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Brunei
Friday, August 12, 2022
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Brunei
Friday, August 12, 2022
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    It is always tea time

    Aqilah Rahman

    Tea is said to have originated in northeast India, north Myanmar and southwest China, though it isn’t known exactly where the first plant was grown.

    There is evidence of tea being consumed in China 5,000 years ago. Today it’s the second most popular drink in the world after water.

    In general, tea has a lower level of caffeine than coffee, and some find it relaxing to have tea in the evening depending on their tolerance.

    Florence, a fan of tea, usually drinks during certain times, “especially in the morning when I just get up and don’t feel like eating anything yet”.

    “A cup of hot Earl Grey with a cube or two of brown sugar makes my stomach warm and ready for the day,” she said.

    Because of its fragrance, the blend is among her favourites, she said, adding “I think the smell of tea is important too. You drink with your nose first.”

    The signature scent of Earl Grey is derived from bergamot oil. She can’t put words to the fragrance but said she can recognise its distinct smell immediately after taking a whiff. “If I smell it, I know its Earl Grey.”

    She also enjoys green tea, especially when she’s eating Japanese food. “Or when at home I’ve had something greasy, I have a hot cup of green tea to wash down the grease in my system,” she said.

    Another tea she likes is yuzu tea – a type of Korean tea which has a sweet and citrus fragrance. “If I want a boost of Vitamin C and something warm or I have a sore throat, this is the tea to go to.”

    Unlike most other teas which either come in tea bags or loose leaves, yuzu tea comes in a jar and has a pulpy, jam-like consistency resembling orange marmalade. To prepare a cup, simply take a spoonful and mix with hot water.

    Florence likes to drink it together with the sweet pulp, but it’s fine to just drink the liquid. “It’s very comforting and it doesn’t contain caffeine,” she said.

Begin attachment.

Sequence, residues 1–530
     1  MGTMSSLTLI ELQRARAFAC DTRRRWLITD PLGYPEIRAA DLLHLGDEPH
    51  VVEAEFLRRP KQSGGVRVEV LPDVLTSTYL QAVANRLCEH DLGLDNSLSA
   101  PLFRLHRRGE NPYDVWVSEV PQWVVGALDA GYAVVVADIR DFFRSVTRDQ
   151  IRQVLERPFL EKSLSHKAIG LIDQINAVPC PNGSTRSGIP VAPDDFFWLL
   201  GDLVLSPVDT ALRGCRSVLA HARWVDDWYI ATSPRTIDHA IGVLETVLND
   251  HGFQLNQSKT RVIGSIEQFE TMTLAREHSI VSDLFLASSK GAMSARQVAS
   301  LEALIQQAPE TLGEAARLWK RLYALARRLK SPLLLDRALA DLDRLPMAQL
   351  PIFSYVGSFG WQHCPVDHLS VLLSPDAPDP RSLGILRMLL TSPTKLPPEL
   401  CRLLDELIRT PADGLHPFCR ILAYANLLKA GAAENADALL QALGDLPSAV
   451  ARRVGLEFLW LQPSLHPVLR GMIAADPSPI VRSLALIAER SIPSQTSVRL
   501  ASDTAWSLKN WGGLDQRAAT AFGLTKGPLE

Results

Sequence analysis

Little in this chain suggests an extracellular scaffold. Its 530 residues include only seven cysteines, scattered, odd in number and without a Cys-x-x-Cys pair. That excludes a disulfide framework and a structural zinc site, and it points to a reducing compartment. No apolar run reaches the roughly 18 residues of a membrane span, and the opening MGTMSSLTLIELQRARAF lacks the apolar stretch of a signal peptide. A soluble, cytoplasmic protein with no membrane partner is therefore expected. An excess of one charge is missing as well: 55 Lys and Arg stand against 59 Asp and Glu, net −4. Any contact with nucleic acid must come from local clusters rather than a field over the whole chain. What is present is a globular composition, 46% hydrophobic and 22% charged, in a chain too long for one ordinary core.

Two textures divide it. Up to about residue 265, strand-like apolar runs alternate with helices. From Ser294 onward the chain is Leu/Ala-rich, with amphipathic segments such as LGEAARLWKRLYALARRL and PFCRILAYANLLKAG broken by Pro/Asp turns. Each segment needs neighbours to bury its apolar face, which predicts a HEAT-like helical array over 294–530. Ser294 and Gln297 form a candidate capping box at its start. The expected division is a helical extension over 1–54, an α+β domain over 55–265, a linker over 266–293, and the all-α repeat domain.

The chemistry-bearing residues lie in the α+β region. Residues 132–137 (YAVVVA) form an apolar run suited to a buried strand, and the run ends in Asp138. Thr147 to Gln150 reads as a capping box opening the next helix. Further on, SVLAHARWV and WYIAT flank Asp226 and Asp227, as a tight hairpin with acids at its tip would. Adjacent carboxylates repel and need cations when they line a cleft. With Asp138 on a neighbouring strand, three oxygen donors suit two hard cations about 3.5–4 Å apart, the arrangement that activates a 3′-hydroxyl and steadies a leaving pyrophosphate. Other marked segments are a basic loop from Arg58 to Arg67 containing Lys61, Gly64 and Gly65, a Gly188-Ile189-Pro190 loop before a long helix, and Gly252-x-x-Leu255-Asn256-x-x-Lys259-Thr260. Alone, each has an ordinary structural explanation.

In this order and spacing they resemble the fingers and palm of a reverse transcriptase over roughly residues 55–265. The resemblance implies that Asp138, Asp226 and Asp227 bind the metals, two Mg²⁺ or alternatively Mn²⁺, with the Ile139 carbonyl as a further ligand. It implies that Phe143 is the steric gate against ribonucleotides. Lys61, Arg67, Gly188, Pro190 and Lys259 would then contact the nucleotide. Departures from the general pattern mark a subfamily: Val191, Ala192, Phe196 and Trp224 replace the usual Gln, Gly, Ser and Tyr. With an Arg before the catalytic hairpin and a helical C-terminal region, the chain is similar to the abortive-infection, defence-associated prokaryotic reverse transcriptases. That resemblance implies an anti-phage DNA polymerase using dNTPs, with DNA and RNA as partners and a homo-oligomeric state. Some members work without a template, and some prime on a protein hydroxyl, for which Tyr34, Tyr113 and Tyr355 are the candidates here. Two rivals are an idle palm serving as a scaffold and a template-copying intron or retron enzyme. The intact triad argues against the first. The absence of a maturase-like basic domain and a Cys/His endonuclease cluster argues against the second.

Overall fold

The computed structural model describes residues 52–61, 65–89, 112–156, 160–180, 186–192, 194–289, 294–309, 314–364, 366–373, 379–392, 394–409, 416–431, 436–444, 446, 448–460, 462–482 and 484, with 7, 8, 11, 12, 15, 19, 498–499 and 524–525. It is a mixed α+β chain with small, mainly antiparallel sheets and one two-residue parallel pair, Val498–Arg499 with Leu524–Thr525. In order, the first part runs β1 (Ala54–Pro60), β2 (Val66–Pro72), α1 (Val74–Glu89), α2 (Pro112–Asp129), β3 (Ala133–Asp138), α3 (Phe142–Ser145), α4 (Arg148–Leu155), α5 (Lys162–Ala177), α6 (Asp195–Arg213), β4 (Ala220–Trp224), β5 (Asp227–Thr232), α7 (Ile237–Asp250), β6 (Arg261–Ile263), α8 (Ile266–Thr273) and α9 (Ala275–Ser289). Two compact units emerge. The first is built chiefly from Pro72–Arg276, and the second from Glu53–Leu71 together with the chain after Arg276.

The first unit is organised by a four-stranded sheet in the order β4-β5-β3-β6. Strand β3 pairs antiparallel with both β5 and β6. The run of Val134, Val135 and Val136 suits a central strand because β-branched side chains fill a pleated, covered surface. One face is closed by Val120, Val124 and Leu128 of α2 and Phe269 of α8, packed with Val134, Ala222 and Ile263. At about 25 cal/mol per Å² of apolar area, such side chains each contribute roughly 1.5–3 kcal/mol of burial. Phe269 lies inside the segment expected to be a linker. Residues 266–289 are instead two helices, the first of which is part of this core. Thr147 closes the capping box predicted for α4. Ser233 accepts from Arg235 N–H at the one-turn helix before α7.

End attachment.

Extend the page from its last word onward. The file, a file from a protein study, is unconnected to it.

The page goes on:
Dizah, another fan of tea, usually drinks a cup “once in the morning and once again in the afternoon, or at night sometimes. But definitely for mornings”.

    She considers tea to be a part of her breakfast and finds it relaxing to sip a hot cup while on the computer.

    “Coffee makes me jittery,” she said, preferring the lower caffeine levels of tea over drinks like black coffee.

    Mint tea is one of her favourites, prepared using fresh mint leaves from her garden and a regular tea bag.

    When she’s at a restaurant, she likes to treat herself to a glass of iced Teh C Special. “Other than that, I like Darjeeling tea. Does boba milk tea count?” she said.

    Although she likes tea, there is one variety she isn’t particularly fond of. “It’s always an automatic no from me if I’m offered green tea at a sushi place,” shared Dizah. She tried to like it, but it just didn’t quite work out. “It’s tasteless.”

    With so many types of tea out there, it can be difficult to pick one as a starting point. I asked both what they would recommend to someone who doesn’t really drink tea?

    “Probably bubble tea to start,” said Florence with a laugh. “Or Teh Tarik or any kind of milk tea. Something sweet and milky. It’s easier to get used to.”

    After that, slowly move to drinking the tea without any milk and sugar to see if they really like the tea itself. If they’re up for something different, try yuzu tea, she said.

    Meanwhile, Dizah recommends mint tea – just a cup of tea and some fresh peppermint leaves. “Hot lemon tea with honey is nice too!”

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